Rajapakse was also critical about the large number of holidays enjoyed by the labour force. “Sri Lanka is a country with a large number of holidays as a result of which the import export trade incurs heavy demurrages. One solution is to establish a custom clearing house manned 24 hours and 7 days.

Such a move will especially benefit factories located in the outstations. Presently Sunday is virtually a prohibitive working day for factories under present labour regulations. As we have to meet export deadlines this law has to be changed to have 7 working days so that the working week can be started from any day of the week.”

Commenting on the VAT refunds, he said, “Delays in VAT refunds are another major constraint faced continuously by all exporters forcing them to borrow short term loans through overdraft facilities at exorbitant rates of interest for working capital. Various excuses are made for the delays in making refunds. One contention is that figures of export entries at the Sri Lanka customs do not tally with the claims lodged with the Inland Revenue department by exporters. One way out of this problem is for the Inland Revenue department to establish a unit at the Sri Lanka Customs to resolve discrepancies in export figures between the two institutions.”

Loadstar stars at NCE awards ceremony

Loadstar (Pvt) Ltd, Sri Lanka’s largest tyre exporter, won the Gold Award for being the most outstanding exporter of the year 2006, awarded by the National Chamber of Exporters of Sri Lanka (NCE). The company also bagged two more awards namely Gold Award for the sector wise most outstanding exporter, in the industry sector and also won the Gold Award for the extra large category.

Loadstar is a global market leader in solid rubber tyres commanding an estimated 25 percent market share; It has also entered the pneumatic tyre market for construction equipment.

The silver award was won by Colombo Dockyard Ltd. The Best Woman Exporters gold award was won by Selyn Exporters (Pvt) Ltd. while Serendib Exports won the silver award. The award for the best Sri Lankan Brand exporter was won by Imperial Tea Export (Pvt) Ltd.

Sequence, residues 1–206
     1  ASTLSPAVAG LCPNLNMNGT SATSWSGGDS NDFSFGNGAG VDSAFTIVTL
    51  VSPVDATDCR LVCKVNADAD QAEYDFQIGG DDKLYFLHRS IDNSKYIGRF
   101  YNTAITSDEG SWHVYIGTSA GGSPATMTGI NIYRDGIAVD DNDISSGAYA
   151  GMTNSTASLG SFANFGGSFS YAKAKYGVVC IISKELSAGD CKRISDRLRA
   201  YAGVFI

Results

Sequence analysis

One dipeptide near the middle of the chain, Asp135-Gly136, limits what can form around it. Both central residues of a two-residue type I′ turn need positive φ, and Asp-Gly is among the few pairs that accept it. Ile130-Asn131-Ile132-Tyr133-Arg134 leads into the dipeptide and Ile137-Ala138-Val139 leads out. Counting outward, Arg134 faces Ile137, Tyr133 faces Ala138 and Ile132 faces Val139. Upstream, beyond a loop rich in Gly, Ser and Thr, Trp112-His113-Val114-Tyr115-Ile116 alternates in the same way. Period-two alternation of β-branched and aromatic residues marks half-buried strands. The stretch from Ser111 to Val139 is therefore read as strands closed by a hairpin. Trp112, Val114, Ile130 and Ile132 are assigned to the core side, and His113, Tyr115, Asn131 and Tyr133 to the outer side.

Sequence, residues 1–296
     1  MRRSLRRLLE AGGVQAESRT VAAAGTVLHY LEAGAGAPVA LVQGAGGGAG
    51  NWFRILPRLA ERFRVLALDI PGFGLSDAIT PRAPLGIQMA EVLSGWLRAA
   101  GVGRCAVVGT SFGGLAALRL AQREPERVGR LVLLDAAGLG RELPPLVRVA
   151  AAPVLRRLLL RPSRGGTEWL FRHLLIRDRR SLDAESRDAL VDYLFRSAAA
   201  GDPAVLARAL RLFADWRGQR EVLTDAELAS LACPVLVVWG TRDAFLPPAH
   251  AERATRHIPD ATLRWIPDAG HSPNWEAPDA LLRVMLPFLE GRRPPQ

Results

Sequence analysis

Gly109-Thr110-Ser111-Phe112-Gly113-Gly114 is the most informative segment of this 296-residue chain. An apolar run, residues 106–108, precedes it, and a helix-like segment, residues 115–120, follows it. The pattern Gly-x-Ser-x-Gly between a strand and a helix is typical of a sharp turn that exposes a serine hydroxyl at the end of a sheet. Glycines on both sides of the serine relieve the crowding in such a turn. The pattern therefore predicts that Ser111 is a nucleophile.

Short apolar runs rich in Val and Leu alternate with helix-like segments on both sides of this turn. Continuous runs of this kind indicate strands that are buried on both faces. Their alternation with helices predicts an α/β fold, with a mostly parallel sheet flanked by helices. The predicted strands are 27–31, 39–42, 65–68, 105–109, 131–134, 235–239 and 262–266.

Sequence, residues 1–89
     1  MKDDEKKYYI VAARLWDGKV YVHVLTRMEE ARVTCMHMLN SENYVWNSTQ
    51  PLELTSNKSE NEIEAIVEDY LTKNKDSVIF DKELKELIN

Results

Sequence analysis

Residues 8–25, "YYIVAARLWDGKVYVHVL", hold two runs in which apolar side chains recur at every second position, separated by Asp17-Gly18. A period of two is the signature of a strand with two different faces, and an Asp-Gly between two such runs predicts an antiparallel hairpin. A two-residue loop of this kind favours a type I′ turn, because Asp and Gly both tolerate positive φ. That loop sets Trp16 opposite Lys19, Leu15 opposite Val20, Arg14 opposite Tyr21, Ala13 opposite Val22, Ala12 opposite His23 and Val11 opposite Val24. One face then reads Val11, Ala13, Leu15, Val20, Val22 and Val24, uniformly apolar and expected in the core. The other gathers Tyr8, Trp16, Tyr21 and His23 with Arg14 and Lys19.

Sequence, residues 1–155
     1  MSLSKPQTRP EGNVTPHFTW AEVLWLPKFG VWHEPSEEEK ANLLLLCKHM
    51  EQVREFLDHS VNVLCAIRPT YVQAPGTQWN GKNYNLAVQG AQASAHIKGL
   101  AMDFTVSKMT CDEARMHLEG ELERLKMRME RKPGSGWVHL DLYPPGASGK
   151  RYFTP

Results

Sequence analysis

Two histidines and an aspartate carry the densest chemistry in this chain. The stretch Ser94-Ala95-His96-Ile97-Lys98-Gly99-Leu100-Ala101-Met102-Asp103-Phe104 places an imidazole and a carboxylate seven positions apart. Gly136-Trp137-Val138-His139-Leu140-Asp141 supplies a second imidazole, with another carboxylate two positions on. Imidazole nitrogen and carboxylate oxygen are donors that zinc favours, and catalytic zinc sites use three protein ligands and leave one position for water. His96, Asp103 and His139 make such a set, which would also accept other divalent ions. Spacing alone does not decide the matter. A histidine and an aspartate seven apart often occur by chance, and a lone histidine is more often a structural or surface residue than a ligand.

JKH bags two Silver at NCE Export Awards

CEO Ceylon Cold Stores PLC and Sector Head CF+R Group JKH, Manilal de Silva receives the Silver Award at the NCE Export Awards ceremony. At extreme left is Manager Exports for Ceylon Cold Stores, Christy Fernando.

John Keells Holdings’ Consumer Foods Sector bagged two Silver Awards at the recent NCE Export Awards 2006 event. The two Silver in the ‘Agriculture Sector Value Added - Extra Large Category’ went to Keells Food Products PLC and Ceylon Cold Stores PLC for reaching significant milestones in their respective business activities in the international arena.

JKH said the Keells Foods Brand of processed meats is considered a “Preferred Brand” by thousands of discerning consumers, and, almost all star class hotels and catering institutions in Sri Lanka.

Manager Exports for JKH Consumer Goods Ranjith Galagoda said, “While Keells Food Products has already tapped the major share of the local market potential, it has already begun looking towards a global presence in selected markets such as India, Dubai and the Maldives. Consolidating its strong market presence, KFP has also recorded a 63% growth in export sales during the Financial Year 2006/07.”


Orange Electric wins export Silver

Orange Electric recently was presented the Silver Award in the extra large industrial export category at the National Chamber of Exporters-organised Exporters’ awards.

Orange Electric currently exports electrical switches and sockets to Australia, Europe, Dubai, Malaysia, Singapore, Pakistan, Bangladesh, Nepal, Maldives, Cyprus, Ghana, and Nigeria. In 2007 the company plans to achieve US $5 million in exports and increase this to US$12 million by end 2008.